How can I stop gagging?

Unlike the happy customer to the right (or above, if you’re on a mobile device), quite a few people have a sensitive gag reflex. Find out how to reduce gagging at the dentist’s or when trying to brush your teeth!

Tips for Dentists and Patients: Handling the Gag Reflex

  1. Let your dentist know what procedures or situations have triggered gagging in the past and see if alternative ones can be used.
  2. Focus on breathing through your nose. Take deep, even breaths in and out through your nose. This can lessen the gag reflex and also makes you feel more relaxed. You can find instructions for breathing techniques here.
  3. Try using a nasal decongestant spray (e.g. Sudafed) before the appointment. This keeps the nasal passageways open and makes breathing through the nose easier. Snore relief throat sprays and nasal strips have the same effect.
  4. Use a spray with numbing action to numb the throat, tongue and/or palate. Simply spray the entire rear of the mouth, hold it for a few moments, and then swallow. The numbness varies should last 15-30 minutes. Repeat as needed throughout the appointment. Over-the-counter Ultra Chloraseptic Throat Spray (active ingredient: benzocaine) is easy to get hold of. Another option is Xylocaine (lidocaine) 10mg spray.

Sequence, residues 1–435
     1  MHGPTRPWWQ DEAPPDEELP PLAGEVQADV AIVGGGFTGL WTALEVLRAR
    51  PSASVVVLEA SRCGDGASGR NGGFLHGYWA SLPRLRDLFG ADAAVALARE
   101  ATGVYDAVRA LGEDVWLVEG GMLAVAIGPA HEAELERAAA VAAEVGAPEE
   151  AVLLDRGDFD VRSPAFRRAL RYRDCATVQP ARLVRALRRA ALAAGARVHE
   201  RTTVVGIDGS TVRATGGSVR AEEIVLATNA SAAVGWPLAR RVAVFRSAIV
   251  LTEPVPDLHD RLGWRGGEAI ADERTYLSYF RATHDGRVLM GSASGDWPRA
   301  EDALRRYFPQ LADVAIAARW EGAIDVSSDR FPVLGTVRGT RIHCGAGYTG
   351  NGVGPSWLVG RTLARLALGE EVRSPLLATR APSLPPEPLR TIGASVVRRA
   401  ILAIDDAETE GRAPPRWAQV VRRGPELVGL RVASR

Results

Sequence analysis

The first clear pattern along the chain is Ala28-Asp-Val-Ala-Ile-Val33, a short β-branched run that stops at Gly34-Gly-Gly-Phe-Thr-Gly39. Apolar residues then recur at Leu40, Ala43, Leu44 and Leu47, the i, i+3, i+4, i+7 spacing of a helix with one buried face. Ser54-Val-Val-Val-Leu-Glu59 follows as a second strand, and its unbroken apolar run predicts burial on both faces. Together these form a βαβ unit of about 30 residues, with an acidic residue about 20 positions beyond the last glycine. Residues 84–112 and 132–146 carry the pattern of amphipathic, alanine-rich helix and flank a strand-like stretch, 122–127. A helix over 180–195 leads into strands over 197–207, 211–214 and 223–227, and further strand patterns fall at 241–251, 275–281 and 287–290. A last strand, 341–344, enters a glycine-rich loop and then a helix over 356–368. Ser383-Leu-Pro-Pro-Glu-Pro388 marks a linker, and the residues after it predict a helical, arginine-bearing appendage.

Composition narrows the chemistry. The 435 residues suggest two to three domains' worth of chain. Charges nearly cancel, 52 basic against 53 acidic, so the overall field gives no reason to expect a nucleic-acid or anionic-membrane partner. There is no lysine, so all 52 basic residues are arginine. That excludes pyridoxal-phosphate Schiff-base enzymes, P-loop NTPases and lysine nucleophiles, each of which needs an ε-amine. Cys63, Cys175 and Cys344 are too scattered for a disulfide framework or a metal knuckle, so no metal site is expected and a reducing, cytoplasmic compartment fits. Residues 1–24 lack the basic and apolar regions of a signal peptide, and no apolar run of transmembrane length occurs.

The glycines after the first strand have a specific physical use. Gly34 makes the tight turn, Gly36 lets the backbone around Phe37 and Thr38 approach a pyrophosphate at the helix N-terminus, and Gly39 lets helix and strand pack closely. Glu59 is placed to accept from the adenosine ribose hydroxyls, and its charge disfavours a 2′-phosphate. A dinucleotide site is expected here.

5. Salt can work in a pinch (no pun intended): “The salt trick works great for a lot of people. It’s definitely got some physiological basis because I’ve used it on a girl with severe brain damage and it worked, so not just a placebo effect. Sprinkle a little paper packet of it on the back of the tongue. If possible having the patient rinse round for a few minutes with some Normasol (0.9% saline) is even better.” (Gordon Laurie, BDS)
  6. Providing treatment in short increments can help.
  7. Using a rubber dam: “I have many anxious patients and patients with strong gag reflexes, who actually prefer to have treatment with rubber dam in place.”
  8. Nitrous oxide (laughing gas) is very effective in reducing the gag reflex. IV sedation is even more effective and almost always eliminates it.